An earlier investigation by the Auditor-general's office found the Ministry had been too slow in procuring fresh Erythropoetine stocks, even though it was aware of the urgent need.

    Part of the ongoing police probe is looking into information that the drugs found their way to the Nicosia racetrack, where they were allegedly used to dope racehorses.

    Thursday, December 09, 1999

    [06] 'Army volunteer was spying for the Turks from jail'

    THE INTELLIGENCE Service (KYP) believes an imprisoned army volunteer has been involved in efforts to spy against the National Guard, the Defence Ministry stated yesterday.

    The Ministry issued a statement confirming television reports of an "EPY" - the acronym for a five-year service volunteer with the National Guard - caught spying for the Turks.

    The announcement stated that the soldier in question had been incarcerated in Nicosia Central Prison between July 12 and August 31 this year "for a series of misdemeanours."

    "The Intelligence Service, in a letter sent to the National Guard, said the aforementioned EPY was trying, during his incarceration, to get involved in spying against the National Guard," the Ministry stated.

    The Ministry said it was investigating the matter and promised that "all necessary measures" were being taken to protect the army from espionage activities.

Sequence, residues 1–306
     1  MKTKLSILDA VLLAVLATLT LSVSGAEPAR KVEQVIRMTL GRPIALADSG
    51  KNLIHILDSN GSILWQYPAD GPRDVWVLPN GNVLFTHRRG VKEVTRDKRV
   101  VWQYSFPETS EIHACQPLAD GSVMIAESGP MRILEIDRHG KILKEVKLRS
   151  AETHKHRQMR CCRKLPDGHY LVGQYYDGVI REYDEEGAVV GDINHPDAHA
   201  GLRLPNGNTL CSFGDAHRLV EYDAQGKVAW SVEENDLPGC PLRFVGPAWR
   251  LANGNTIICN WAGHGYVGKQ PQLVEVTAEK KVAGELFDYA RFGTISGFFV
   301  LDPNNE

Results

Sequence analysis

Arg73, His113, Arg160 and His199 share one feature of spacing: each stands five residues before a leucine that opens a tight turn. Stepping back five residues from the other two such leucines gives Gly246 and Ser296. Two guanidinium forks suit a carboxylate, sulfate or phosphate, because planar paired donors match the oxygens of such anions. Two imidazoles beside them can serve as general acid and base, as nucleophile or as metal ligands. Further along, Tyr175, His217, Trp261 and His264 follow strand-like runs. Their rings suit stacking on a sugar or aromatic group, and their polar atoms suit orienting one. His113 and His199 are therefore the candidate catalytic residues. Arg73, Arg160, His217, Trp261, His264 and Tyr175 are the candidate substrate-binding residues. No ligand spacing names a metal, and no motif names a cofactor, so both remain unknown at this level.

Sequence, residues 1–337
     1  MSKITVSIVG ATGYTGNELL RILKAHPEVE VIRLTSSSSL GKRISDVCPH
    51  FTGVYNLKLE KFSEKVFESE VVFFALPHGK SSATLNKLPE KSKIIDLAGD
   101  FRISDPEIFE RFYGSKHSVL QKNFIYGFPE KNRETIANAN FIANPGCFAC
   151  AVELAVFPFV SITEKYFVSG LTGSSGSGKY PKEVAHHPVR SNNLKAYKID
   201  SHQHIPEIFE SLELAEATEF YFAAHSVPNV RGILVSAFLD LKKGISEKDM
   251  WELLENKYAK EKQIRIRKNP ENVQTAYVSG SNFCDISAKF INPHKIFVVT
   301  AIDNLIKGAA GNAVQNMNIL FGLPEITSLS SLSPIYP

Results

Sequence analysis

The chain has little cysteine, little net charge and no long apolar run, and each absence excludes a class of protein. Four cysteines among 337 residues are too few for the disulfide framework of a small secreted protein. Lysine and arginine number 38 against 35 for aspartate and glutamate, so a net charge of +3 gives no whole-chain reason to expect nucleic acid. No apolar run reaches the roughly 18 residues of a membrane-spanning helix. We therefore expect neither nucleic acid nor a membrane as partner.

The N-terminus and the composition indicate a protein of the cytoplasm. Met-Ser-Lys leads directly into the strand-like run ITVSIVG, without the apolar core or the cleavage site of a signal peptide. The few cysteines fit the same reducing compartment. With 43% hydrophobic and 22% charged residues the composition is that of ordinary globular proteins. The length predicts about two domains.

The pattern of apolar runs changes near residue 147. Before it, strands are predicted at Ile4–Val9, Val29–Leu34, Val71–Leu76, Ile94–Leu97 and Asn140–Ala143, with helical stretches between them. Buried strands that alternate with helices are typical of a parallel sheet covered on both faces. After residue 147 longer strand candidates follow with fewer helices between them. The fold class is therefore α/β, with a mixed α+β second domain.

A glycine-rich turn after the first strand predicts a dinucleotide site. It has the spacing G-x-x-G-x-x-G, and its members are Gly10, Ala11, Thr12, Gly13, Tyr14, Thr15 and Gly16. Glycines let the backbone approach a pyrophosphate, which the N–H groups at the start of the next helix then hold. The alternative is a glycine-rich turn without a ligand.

The volunteer National Guardsman was being discharged from the army because of his "series of misdemeanours," the Ministry stated.

    Thursday, December 09, 1999

    [07] Paphos claims record cake bid as Limassol pulls out

    LIMASSOL'S plans to bake the world's largest Christmas cake have fallen flat after Paphos claimed yesterday it had been chewing on the idea for months.

    The world largest Christmas cake was to have been started on Sunday and completed at Limassol's Tsirion Stadium on December 15.

    The cake was to weigh 80 tons in an attempt to break the current Guinness record of 58.08 tons - held by a city in Mexico - and would have been cut into 25,000 pieces with the recipe calling for 250,000 eggs, 17 tons of flour, three tons of sugar and five tons of honey.

    Now Limassol has moved over to let Paphos take the glory after the town's Mayor Phidias Sarikas said they had had the cake idea on the back burner for months.